Pesticide warning signs: portable traffic cones

Image of orange cones in field posted to warn against pesticide exposure
Place highly visible signs on traffi c cones to alert workers from entering restricted areas. Signs on poles are harder for workers to see.
Photos by Kit Galvin

idea iconIdea...

The nursery manager learned about putting warning signs on traffic cones during a class on Reentry Intervals (REI).

 

A pole stand on the back of the tank trailer holds cones for drop-off and pickup.
A pole stand mounted on the back of the tank trailer holds cones for convenient
drop-off and pickup.
"The REI cones are very visible, easy to carry around, and everyone knows that when they see orange cones with a sign they should stay out of the field…There isn't anything to dislike on the REI orange cones.”
Nursery Manager

 

 

alert iconAlert

Remember, pick up the cones when the REI is over. Workers may start to ignore warning signs if they are left out.

 

 

setup iconSetup & use

  • Attach adhesive warning signs to orange traffic cones.
  • Place cones along the edge of treated areas before applying pesticides. Locations include: entry corners points; roads & pathways; edges within 100 feet of worker housing.
  • Ensure that at least two cones are visible at any point along the edge of the treated area.
  • Pick up cones promptly after the REI is over.

supplies iconSupplies

  • Orange traffic cones (28”H)
  • Lime traffic cones (28”H)
  • Adhesive vinyl WPS warning signs that comply with EPA regulations (16”H x 14”W)

 

Stacked cones stored in shop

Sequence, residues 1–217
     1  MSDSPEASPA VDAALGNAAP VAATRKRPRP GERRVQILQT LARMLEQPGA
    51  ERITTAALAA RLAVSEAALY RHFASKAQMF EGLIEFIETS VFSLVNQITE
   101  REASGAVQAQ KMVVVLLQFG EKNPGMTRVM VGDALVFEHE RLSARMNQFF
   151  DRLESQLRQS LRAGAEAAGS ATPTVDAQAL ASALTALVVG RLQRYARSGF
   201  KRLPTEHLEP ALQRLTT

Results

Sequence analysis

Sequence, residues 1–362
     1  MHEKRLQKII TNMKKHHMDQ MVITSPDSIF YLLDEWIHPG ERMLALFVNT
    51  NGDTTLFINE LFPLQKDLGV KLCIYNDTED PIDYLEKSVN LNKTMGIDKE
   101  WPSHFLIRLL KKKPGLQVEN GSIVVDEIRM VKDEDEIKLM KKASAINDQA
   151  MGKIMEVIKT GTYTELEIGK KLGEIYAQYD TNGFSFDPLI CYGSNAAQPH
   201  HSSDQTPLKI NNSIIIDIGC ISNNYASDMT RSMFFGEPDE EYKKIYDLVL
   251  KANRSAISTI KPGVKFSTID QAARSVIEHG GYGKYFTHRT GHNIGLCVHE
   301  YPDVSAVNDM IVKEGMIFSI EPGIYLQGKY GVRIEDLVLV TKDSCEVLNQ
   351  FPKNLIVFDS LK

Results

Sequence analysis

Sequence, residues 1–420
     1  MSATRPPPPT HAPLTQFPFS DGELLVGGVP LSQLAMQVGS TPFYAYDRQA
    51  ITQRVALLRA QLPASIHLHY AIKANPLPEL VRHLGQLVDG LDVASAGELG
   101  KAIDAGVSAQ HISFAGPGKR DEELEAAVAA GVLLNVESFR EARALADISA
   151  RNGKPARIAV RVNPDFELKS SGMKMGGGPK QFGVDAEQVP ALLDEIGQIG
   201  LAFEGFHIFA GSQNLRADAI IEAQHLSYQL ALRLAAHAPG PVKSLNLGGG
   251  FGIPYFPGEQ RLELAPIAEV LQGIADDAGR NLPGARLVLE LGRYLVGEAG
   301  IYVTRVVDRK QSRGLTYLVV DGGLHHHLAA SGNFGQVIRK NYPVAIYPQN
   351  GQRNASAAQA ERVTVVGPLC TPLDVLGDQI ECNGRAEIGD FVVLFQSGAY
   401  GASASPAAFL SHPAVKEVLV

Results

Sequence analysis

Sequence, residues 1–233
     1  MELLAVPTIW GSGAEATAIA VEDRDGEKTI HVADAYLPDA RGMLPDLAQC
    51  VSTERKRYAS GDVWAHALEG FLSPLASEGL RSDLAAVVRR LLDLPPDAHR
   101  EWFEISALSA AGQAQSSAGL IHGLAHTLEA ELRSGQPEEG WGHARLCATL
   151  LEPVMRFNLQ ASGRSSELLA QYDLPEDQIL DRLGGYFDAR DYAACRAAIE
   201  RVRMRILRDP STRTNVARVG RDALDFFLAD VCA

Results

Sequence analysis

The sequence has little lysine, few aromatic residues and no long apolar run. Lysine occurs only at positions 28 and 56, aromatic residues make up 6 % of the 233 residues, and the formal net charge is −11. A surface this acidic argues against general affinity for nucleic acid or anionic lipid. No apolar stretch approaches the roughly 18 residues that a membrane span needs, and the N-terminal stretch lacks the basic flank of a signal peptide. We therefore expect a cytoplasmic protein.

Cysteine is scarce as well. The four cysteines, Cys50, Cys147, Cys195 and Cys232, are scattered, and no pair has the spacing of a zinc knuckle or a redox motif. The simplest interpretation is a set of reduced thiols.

Stacked cones stored in shop.
Orange cones for pesticide treated areas, and lime green cones for other hazards.
Right: orange cones for pesticide treated areas
Left: lime green cones for other hazards

 

tips iconTips

  • Select traffic cones for the durability and stability. Sport cones are too lightweight.
  • Use lime green cones for other temporary hazards like potholes and broken irrigation pipes.
  • Use pole stands and hand carts for moving and storing stacked cones.
  • Attach a pole stand to application equipment or a farm vehicle to transport stacked cones to the field.

 

PERC Worker Protection Standard Guide

Pesticide Educational Resources Collaborative (PERC

Worker Protection Standard

Federal

Washington State (Washington Administrative Code)

Oregon State (Oregon Administrative Rules)

  • OARs 437-004-6000, 170.1 - 170.260 Subdivision W, Worker Protection Standard

  • OAR 170.405 Entry restrictions associated with pesticide application

  • OAR 170.407  Worker entry restrictions after pesticide applications

  • OAR 170.409 Oral and posted notification of worker entry restrictions

Last updated

We hope that you are inspired to use these solutions in your workplace. Did you try one of the practical solutions or develop a new one? We would appreciate hearing about your ideas and experiences.

Thank you and safe pesticide handling,
PNASH

Contact your state agency for more information on WPS regulations. The content of this website is for informational purposes only. It may need modification to fit your needs or it may not be appropriate for your workplace. Safe use of these solutions is your responsibility. The University of Washington and the Pacific Northwest Agricultural Safety & Health Center is not responsible for any loss or damage resulting from the use of the information provided on this website.

PNASH Project 2016-2021 (CDC/NIOSH Cooperative Agreement # U54 OH007544)

Contact us

Project Email:
PractSLN2@uw.edu

Project staff:
Kit Galvin
206.616.5850
Maria Tchong-French (habla español)
206 685-6728